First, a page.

The Nazca Lines are a series of ancient geoglyphs located in the Nazca Desert in southern Peru. They were designated as a UNESCO World Heritage Site in 1994. The high, arid plateau stretches more than 80 kilometres (50 mi) between the towns of Nazca and Palpa on the Pampas de Jumana about 400 km south of Lima.
The lines are shallow designs made in the ground by removing the reddish pebbles and uncovering the whitish/grayish ground beneath. Hundreds are simple lines or geometric shapes; more than seventy are zoomorphic designs of animals such as birds, fish, llamas, jaguar, monkey, or human figures. Other designs include phytomorphic shapes such as trees and flowers. The largest figures are over 200 metres (660 ft) across. Scholars differ in interpreting the purpose of the designs, but in general they ascribe religious significance to them.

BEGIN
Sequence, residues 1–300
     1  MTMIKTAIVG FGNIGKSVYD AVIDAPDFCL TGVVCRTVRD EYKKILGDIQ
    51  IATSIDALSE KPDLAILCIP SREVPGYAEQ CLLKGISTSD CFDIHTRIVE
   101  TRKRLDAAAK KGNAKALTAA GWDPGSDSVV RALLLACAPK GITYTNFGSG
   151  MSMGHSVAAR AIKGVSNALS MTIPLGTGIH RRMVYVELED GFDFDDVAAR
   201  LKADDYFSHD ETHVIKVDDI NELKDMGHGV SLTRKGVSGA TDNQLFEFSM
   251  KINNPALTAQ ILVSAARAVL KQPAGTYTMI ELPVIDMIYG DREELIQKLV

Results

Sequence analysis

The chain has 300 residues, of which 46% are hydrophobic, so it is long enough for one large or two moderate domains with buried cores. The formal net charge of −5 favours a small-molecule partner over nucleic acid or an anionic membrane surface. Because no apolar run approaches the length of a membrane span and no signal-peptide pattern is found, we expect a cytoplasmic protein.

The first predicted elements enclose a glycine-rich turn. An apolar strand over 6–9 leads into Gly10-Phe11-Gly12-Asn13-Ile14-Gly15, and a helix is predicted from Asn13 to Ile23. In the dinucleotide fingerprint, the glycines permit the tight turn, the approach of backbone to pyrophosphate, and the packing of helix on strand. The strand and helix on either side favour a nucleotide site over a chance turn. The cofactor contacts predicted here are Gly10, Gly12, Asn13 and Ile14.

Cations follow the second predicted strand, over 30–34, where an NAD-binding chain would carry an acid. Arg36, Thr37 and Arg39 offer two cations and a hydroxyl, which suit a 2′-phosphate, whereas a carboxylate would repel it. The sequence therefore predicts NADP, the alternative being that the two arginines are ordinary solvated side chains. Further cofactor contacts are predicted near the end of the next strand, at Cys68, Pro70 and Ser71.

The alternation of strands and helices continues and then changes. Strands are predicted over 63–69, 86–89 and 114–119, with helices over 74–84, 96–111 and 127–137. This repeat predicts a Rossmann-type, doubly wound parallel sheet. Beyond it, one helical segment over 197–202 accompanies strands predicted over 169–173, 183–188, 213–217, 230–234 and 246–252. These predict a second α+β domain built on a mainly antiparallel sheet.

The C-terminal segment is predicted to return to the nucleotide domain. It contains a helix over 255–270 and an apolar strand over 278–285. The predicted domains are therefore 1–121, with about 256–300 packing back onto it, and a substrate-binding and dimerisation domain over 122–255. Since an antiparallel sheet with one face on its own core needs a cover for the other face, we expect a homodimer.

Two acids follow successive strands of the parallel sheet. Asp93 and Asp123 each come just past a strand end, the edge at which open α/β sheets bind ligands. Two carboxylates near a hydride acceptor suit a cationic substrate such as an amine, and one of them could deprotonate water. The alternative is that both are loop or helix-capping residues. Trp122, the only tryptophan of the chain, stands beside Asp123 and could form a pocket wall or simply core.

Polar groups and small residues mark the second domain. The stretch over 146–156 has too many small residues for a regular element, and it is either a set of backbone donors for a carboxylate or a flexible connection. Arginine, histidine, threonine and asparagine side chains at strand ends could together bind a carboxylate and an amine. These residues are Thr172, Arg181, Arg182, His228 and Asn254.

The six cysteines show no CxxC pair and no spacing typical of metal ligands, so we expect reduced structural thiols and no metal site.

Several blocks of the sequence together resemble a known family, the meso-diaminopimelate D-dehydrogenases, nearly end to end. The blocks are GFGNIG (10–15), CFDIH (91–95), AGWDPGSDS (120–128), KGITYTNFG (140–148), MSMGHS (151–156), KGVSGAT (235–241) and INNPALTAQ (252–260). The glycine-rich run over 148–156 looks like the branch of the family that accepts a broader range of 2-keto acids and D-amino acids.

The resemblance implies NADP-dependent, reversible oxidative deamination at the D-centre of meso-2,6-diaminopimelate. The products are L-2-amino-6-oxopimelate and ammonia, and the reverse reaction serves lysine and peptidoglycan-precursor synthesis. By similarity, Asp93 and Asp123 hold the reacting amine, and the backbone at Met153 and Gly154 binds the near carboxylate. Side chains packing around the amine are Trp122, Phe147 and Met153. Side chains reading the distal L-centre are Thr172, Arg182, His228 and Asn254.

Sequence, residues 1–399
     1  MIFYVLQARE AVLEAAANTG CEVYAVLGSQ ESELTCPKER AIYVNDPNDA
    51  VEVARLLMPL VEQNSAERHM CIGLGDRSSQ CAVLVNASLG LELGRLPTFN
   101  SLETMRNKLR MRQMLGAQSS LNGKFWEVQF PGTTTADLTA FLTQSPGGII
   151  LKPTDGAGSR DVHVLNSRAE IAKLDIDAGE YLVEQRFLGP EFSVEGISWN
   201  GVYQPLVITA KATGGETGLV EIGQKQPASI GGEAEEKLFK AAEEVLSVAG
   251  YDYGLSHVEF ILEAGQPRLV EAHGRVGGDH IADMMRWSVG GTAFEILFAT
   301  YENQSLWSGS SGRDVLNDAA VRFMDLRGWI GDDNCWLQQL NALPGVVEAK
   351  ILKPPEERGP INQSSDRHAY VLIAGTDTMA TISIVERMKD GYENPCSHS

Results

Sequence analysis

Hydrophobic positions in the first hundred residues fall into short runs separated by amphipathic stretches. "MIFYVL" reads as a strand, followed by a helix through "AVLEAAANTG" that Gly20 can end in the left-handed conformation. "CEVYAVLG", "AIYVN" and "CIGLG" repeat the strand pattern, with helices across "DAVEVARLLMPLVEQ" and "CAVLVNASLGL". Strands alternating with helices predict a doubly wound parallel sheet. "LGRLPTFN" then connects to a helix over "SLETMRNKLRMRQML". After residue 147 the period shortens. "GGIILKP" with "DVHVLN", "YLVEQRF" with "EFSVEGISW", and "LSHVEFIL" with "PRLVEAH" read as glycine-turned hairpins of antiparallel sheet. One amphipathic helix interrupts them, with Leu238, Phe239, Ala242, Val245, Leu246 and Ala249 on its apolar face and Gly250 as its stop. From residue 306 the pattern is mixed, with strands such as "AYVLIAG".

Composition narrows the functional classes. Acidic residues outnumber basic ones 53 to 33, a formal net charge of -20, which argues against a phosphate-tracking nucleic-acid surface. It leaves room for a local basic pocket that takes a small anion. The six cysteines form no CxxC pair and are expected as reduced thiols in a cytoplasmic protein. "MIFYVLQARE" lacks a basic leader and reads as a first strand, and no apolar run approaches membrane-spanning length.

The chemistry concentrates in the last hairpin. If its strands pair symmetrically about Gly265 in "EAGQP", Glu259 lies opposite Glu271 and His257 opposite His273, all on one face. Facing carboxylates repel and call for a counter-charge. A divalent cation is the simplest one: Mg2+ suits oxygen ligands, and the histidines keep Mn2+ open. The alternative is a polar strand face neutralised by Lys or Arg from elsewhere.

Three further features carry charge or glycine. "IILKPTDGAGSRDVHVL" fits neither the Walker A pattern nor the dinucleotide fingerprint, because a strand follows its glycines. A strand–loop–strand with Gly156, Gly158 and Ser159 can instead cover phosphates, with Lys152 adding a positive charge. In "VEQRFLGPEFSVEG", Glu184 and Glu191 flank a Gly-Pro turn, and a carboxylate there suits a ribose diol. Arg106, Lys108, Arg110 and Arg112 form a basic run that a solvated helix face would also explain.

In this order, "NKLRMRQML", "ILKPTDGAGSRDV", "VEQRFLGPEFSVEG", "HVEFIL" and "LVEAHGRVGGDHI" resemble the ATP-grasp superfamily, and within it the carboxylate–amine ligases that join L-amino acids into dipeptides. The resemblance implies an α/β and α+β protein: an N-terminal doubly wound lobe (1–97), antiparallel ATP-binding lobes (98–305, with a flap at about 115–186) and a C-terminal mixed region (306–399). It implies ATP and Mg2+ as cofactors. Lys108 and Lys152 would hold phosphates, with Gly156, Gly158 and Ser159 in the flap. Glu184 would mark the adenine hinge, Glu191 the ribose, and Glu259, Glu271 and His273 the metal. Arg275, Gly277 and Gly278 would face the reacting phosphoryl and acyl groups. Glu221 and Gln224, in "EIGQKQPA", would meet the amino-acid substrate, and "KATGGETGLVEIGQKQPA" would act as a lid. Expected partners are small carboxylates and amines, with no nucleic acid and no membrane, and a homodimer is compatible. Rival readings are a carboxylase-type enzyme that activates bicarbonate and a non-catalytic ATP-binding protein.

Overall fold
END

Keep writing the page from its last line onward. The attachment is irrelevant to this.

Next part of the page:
The Whale is often the first geoglyph you’ll see after taking off from Maria Reiche Airport. It is one of the simpler designs and easy to make out from the air, offering a good chance to train your eye to the desert landscape below.
You’ll see a number of spiral-shape designs as you fly above the Nazca Desert, both as standalone patterns and incorporated into zoomorphic geoglyphs. One such spiral forms the Whale’s eye. The whale was a central god within the religious beliefs of the Nazca civilization, as were other animals that appear as Nazca geoglyphs. You might see a second whale, known as the Killer Whale, as you fly over the Nazca Lines.